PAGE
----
Friday, March 04, 2005

Chinese Military Spending to Jump

At its annual parliamentary meeting in Beijing, the Chinese government announced that it will increase military yearly expenditures by 12 percent.

Friday's announcement is the latest in a series of regular cash infusions to try to upgrade and modernise China's army.

But Jiang Enzhu, a spokesman for China's parliament, played down the significance of the rise, which will take official military spending to 247.7bn yuan ($29.9bn).

He said the money would help pay for more training and modern weapons, but stressed that much of it was needed to boost soldiers' pay and cover the social costs of cutting 200,000 personnel.

He added that China's defence spending was far lower than that of other major powers.

However, many hawkish voices on China in the US administration believe that Beijing's figures may understate the real level of military spending.

The rise in Chinese military spending comes just weeks after Japan broke with decades of passive foreign policy and joined the US in listing the defense of Taiwan as a primary defense concern (see earlier posts). That drew an angry response from Beijing which continually threatens to invade the little democratic island. As the US and Japan move toward an increasingly unified defensive posture against China, the European Union is preparing to lift its nearly 15 year old embargo on arms sales to China, despite American and Japanese pleas to keep the ban in place (see earlier posts). The Chinese parliament - which, despite its name, does not function in any manner resembling the parliament of a democratic nation - is also considering an "anti-seccession" law which would make provide explicit legal justification for invading Taiwan should the island dare to declare independence.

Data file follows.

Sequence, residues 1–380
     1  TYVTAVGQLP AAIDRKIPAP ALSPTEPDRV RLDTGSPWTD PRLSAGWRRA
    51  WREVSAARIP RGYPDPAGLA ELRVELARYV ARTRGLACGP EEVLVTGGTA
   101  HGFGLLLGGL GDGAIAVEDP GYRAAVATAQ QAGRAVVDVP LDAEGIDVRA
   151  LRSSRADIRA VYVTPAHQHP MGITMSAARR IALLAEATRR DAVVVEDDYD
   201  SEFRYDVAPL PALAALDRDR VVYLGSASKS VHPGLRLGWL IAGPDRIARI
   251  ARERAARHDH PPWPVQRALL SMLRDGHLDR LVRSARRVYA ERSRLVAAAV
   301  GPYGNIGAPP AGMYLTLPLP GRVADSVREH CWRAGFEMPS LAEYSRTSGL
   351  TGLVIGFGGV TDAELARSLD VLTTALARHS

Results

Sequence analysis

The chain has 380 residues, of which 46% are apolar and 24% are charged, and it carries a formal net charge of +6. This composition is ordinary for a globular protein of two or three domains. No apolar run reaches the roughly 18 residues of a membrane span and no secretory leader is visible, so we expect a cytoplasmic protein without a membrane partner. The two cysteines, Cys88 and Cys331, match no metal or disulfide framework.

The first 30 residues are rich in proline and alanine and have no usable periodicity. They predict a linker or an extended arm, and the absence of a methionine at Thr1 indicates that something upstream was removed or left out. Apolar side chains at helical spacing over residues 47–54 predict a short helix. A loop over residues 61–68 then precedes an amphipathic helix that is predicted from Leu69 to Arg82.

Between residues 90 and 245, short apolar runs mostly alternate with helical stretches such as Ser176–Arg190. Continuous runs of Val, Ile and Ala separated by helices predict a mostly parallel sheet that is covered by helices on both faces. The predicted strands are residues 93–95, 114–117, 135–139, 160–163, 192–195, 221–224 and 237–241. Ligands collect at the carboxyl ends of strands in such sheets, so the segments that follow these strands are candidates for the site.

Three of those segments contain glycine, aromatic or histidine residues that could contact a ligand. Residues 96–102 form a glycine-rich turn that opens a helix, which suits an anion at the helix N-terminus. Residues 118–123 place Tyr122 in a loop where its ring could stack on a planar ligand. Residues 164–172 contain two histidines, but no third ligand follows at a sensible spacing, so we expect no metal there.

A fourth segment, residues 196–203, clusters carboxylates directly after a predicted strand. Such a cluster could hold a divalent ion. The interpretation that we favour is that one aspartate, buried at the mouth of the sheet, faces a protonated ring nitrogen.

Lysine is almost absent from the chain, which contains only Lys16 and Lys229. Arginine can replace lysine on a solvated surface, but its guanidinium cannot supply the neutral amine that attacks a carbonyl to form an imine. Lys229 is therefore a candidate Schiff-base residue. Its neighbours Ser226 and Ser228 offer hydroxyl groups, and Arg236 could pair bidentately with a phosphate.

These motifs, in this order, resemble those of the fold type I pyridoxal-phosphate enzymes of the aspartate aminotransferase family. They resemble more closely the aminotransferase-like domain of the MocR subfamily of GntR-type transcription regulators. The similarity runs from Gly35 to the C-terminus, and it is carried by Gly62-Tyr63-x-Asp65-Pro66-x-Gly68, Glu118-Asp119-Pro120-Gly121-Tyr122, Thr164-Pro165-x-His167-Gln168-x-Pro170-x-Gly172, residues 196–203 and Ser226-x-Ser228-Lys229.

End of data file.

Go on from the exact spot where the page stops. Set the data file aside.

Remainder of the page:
Mr Jiang stressed in his news conference that it was not a "war mobilisation order".

But he also warned: "Taiwan independence forces and their adventurous moves have seriously threatened China's state sovereignty and territorial integrity."

The anti-secession law will be addressed in a speech by NPC Vice Chairman Wang Zhaoguo on Tuesday. And analysts will also watch for any mention of it during Premier Wen Jiabao's work report on Saturday.
Though China is a one-party state and all dissent against the ruling communist party is brutally repressed, the Chinese government still manifests the same instinctive paranoia that all repressive regimes display.

As is usual for China's annual parliamentary session, security is tight in the capital.

Cars are searched as they enter Beijing, and there is a ban on hot air balloons, model aircraft and paragliders.

"More than 650,000 people will stand guard and go on patrol on the city's streets and lanes every day to guarantee security," the Legal Evening Post quoted a Public Security Bureau official as saying.
Unlike the US, where security surrounding government events and national monuments became forceful after the September 11th atrocities, China does not find itself currently at war, at any immediate risk of imminent military attack, or targeted by international terrorists. So one might wonder exactly of whom the Chinese government officials are afraid. Perhaps their own people?


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